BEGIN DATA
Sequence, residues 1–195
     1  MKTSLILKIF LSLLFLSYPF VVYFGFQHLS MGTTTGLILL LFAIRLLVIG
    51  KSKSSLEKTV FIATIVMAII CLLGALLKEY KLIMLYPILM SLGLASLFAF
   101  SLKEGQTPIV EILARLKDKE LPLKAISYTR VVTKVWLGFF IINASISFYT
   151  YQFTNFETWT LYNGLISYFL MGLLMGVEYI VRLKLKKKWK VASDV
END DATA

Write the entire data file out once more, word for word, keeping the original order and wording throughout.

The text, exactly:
Sequence, residues 1–195
     1  MKTSLILKIF LSLLFLSYPF VVYFGFQHLS MGTTTGLILL LFAIRLLVIG
    51  KSKSSLEKTV FIATIVMAII CLLGALLKEY KLIMLYPILM SLGLASLFAF
   101  SLKEGQTPIV EILARLKDKE LPLKAISYTR VVTKVWLGFF IINASISFYT
   151  YQFTNFETWT LYNGLISYFL MGLLMGVEYI VRLKLKKKWK VASDV